Yet this influence by the world’s leading powers has been fragmented. For example, Western attempts to demonize Central Asia were not comprehensive or properly structured. Thus, law and morals, which are the top values and safeguards without which democracy is reduced to anarchy and mob rule (ochlocracy), were promoted only in certain sectors during the democratic literacy campaign (law) or not at all (morals).
I share the view of the national and foreign experts who believe that the above problems should be resolved through the internal efforts of the local elites and people, provided they are ready for this.
Traditions of integration
Central Asia has always played the role of an intercontinental corridor. The countries of the region, which have been working to create their own models of nation states, are trying to revive or restructure integration trends.
European and Islamic states have supported some of these initiatives, which can be roughly described as part of this tradition. I am talking about Kazakhstan’s Conference on Interaction and Confidence Building Measures in Asia (CICA), Uzbekistan’s initiative on a nuclear-weapon-free zone in Central Asia, and Tajikistan’s global water initiatives. Even Turkmenistan’s neutrality can be seen as the revival of an ancient political tradition. These initiatives should be developed not as a way to quickly improve regional countries’ image, but as projects other countries would accept and welcome. The majority of these projects can be implemented jointly with Russia and other countries of the CIS, the SCO and the Middle East.
For example, Kazakhstan’s voluntary renunciation of its nuclear status can be used to promote the non-proliferation regime and the peaceful use of nuclear energy. Coordinated actions by Central Asian countries supported by the UN and other international organizations and individual states can engage a broad range of European and Islamic countries in this initiative, including Iran. Why not consider bringing Afghanistan into the Central Asian nuclear-free zone? Maybe Central Asia could help the countries of the Middle East create a nuclear-free zone too?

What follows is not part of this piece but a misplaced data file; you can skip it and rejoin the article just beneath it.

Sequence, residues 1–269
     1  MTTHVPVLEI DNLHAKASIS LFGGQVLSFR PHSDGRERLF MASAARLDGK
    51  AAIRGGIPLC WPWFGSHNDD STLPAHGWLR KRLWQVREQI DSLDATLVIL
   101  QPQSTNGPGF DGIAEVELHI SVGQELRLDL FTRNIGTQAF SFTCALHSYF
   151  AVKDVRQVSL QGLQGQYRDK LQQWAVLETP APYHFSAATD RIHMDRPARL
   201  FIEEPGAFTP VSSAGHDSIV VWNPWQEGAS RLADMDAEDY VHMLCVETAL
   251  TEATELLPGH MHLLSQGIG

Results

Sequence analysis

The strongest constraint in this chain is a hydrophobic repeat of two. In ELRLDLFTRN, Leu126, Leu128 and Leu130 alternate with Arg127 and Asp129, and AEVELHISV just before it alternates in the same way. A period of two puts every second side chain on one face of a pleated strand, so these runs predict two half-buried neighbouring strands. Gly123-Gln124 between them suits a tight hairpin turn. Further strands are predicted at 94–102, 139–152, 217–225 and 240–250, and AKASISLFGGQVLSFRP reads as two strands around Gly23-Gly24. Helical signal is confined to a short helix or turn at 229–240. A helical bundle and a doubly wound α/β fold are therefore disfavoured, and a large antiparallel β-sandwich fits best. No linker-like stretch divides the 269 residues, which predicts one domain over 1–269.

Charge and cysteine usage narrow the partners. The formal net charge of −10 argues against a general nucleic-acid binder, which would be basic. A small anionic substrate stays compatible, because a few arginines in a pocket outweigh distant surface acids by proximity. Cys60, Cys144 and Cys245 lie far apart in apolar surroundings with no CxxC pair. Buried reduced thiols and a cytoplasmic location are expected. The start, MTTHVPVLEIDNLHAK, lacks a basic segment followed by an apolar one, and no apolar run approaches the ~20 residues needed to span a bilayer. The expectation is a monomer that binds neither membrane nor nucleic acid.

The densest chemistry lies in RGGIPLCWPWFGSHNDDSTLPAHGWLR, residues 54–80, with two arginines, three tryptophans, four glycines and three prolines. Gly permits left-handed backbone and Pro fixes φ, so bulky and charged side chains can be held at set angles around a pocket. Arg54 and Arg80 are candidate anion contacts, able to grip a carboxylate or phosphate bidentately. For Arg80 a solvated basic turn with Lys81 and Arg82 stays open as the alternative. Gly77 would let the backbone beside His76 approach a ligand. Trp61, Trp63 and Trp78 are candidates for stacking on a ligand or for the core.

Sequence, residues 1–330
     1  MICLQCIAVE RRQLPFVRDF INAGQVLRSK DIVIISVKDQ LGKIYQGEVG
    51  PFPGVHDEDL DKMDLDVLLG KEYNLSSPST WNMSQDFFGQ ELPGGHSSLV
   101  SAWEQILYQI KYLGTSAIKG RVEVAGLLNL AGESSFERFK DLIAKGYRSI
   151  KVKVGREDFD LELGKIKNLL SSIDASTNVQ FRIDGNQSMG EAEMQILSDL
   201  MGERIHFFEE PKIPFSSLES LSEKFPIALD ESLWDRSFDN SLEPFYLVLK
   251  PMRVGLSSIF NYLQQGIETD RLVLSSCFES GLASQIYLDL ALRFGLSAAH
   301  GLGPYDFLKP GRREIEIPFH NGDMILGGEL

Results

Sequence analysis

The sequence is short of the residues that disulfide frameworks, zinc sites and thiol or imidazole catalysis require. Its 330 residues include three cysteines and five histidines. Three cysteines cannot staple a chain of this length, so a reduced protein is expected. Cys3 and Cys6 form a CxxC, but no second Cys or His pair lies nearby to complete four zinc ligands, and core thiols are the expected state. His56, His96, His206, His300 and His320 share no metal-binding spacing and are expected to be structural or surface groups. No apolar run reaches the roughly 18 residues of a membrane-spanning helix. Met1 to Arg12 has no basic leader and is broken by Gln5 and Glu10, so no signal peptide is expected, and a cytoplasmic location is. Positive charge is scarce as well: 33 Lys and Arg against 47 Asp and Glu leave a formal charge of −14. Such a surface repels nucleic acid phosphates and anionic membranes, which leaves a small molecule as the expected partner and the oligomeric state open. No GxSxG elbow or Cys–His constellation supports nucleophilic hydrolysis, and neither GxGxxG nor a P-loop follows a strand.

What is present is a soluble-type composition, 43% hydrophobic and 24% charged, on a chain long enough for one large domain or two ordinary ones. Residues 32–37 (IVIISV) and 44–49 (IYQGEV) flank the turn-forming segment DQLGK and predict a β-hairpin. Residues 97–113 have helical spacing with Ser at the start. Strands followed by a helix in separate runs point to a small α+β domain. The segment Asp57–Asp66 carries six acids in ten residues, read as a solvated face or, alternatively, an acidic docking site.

Moreover, Central Asian countries should not limit themselves to signing a nuclear-weapon-free zone agreement, but add the nonproliferation project to the agenda of Central Asian cooperation.
Security is a crucial issue on the regional agenda. Great powers, international and regional organizations and NGOs should pay much more attention to cross-border crime, including terrorism and drug, human and arms trafficking. Not that they have been idling, but their efforts seem to produce the opposite result. We need a fundamentally new concept for dialogue.
The main task in this context is not to encourage the OSCE and OIC countries to sit down at the negotiating table. We need a much broader partnership that will also focus on security, economic, inter-confessional and inter-cultural relations.
The connecting link could be provided by the countries that are members of both the Organization for Security and Cooperation in Europe (OSCE) and the Organization of Islamic Cooperation (OIC), such as Central Asian states, Turkey, Azerbaijan, Bosnia and Herzegovina, and Albania.
I do not presume to think that they can influence Islamic or European countries, but they can definitely promote political, interregional and interfaith dialogue to find solutions to our common problems.
Muratbek Imanaliev is Kyrgyzstan President of the Institute of Public Policy, Former Minister of Foreign Affairs of Kyrgyzstan, former Secretary General of the SCO (Shanghai Cooperation Organisation).